For many, it’s known as the “JUCO Struggle.” It’s the less glamorous side of college football — and Atascadero High School graduate Karson Block lived it.
Playing football at Saddleback, a junior college in Mission Viejo, without the structure of a Division 1 program and the financial help afforded to junior college players in many other states, Block watched his teammates grapple with more than just opposing teams.
“Out of 94 guys on the team, 12 guys were homeless,” Block said in a phone interview Monday. “You are worried about more than just football. Guys are struggling to survive.”
Block was lucky. He was able to get a job at a sushi restaurant near campus and poured everything else into football and school. He excelled during his freshman season for the Gauchos in 2015. But Block’s struggle would come later.
After being named Defensive Player of the Week four times during his sophomore season, the linebacker landed scholarship offers from Troy, Fresno State, Eastern Michigan and New Mexico.
It was a big shift for Block, who wasn’t heavily recruited as a four-sport athlete coming out of Atascadero. But after adding 30 pounds of muscle to his 6-foot-1 frame and dropping his 40-yard dash time, he was suddenly a hot commodity.
Until he wasn’t.
One by one the offers faded, Block said. One school dropped its offer when Block didn’t want to visit during the summer. Then Fresno State cleared out its coaching staff, and his chance to play for the Bulldogs dissipated. Before long, the only team left was New Mexico, so Block committed in November after a 14-tackle performance against Riverside in his final game at Saddleback.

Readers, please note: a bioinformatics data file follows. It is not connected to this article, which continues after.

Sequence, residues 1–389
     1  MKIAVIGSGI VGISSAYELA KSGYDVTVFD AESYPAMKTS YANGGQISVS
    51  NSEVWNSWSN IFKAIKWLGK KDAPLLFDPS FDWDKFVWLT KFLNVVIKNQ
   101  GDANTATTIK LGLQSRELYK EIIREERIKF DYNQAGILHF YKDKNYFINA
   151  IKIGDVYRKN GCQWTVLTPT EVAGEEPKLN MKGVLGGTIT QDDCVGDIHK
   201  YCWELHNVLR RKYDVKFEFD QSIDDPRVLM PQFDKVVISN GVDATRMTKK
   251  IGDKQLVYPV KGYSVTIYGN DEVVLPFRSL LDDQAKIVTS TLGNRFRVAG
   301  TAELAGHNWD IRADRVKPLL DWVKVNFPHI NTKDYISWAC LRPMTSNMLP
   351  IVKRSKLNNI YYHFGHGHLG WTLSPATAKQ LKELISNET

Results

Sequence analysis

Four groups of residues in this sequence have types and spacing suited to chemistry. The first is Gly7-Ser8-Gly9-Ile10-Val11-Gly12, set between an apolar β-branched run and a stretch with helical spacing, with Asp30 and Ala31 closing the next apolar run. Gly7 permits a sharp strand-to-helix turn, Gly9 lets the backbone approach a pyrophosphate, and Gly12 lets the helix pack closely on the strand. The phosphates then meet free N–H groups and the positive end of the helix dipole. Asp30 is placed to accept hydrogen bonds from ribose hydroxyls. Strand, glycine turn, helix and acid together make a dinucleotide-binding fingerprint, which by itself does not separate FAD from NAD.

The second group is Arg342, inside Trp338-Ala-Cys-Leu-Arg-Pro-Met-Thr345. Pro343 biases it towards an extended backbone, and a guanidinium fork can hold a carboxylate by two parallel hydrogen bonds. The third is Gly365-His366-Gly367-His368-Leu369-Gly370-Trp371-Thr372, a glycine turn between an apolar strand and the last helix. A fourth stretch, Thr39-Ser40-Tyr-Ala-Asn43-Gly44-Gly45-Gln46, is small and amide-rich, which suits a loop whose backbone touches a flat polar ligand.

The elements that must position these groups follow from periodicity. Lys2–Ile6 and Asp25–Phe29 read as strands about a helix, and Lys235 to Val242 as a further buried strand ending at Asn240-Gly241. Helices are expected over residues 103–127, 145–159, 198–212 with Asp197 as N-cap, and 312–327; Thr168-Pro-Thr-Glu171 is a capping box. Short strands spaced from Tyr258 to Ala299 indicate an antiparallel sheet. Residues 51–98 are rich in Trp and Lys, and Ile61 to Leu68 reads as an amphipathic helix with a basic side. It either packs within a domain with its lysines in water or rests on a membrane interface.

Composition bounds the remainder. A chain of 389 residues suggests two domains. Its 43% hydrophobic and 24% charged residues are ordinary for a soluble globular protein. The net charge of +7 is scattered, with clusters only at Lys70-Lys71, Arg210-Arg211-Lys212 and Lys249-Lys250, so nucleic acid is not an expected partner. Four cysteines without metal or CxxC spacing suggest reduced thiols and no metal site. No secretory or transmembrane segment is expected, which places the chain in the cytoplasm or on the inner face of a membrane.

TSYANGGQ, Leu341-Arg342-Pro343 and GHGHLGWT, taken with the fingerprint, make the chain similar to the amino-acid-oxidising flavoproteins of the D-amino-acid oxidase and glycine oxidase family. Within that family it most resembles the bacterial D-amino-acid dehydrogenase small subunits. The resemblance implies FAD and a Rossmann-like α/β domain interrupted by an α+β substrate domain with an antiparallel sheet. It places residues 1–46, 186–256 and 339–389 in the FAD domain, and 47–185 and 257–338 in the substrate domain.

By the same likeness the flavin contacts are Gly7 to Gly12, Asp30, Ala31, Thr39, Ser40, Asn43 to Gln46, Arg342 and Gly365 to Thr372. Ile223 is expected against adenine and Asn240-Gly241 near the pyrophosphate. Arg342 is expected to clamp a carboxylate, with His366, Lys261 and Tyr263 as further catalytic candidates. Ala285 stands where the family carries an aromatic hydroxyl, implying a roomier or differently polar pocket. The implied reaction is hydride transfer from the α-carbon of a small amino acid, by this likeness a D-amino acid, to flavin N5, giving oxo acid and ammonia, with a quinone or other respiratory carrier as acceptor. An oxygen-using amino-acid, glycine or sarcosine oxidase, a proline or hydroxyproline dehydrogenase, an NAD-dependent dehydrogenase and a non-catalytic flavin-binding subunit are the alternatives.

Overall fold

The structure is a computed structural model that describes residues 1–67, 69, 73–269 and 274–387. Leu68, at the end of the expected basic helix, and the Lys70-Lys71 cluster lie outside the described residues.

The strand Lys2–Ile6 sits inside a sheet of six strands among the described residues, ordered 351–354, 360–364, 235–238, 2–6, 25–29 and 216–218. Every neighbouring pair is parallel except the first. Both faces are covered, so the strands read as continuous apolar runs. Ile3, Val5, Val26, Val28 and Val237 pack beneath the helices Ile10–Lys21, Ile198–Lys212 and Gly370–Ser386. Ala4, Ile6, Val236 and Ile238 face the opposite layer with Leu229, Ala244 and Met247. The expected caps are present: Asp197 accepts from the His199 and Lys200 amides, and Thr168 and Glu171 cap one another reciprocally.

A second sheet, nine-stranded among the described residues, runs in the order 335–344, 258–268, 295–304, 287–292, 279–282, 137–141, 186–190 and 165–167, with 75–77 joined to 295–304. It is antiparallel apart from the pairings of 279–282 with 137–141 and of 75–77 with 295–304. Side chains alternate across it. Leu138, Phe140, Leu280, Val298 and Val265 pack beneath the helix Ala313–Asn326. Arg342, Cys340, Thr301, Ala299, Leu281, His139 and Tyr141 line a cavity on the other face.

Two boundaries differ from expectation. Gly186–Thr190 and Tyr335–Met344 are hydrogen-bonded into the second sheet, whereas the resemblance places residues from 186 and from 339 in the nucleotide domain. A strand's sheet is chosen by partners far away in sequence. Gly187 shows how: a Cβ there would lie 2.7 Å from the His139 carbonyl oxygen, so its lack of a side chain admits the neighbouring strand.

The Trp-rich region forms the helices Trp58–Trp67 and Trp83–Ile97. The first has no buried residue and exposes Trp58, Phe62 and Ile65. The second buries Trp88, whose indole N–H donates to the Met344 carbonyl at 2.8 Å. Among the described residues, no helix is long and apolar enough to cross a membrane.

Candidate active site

Following his commitment, the First-Team All-State Junior College selection and team tackle leader said he didn’t hear from anyone on the Lobos coaching staff for three weeks.
“Finally, the New Mexico coach called me back and said they didn’t know if they would be using a scholarship on me,” Block said. “I talked to the Saddleback coaches, and they said they have never seen anything like this.”
A short time later, Block found out New Mexico had pulled the offer, so he reopened his recruiting Dec. 14.
“It was a rough time,” Block said. “It was getting down to the end, and I didn’t know if I was going to play. It kills your desire.”
Block was scrambling to find a backup plan when UTEP stepped in with an offer. But to Block’s dismay, it was to play fullback, not linebacker. Finally, in the 11th hour, he got a call from Louisiana-Lafayette. The Ragin’ Cajuns offered Block a full scholarship to play linebacker.
“They called me the day of their bowl game, and I said yes,” said Block, who is still getting settled on the Lafayette campus.
Block knows it won’t get any easier entering his junior season just because he has joined the FBS ranks. He will have to fight for playing time and, if he makes the field, will go up against some of the best teams in the nation next season, including Texas A&M, Ole Miss and Alabama.
But looking back, Block said he came out of the difficult experience with long-lasting friendships and an increased level of maturity.
“All in all, I feel like it made me a better person,” Block said. “Going through hard times, it’s an inspiration. If you can make it through the JUCO struggle, you can make it through anything.”
Former JUCO players in the NFL
Cam Newton, Carolina Panthers
Kyle Long, Chicago Bears
Aaron Rodgers, Green Bay Packers
Cordarrelle Patterson, Minnesota Vikings
Star Lotulelei, Carolina Panthers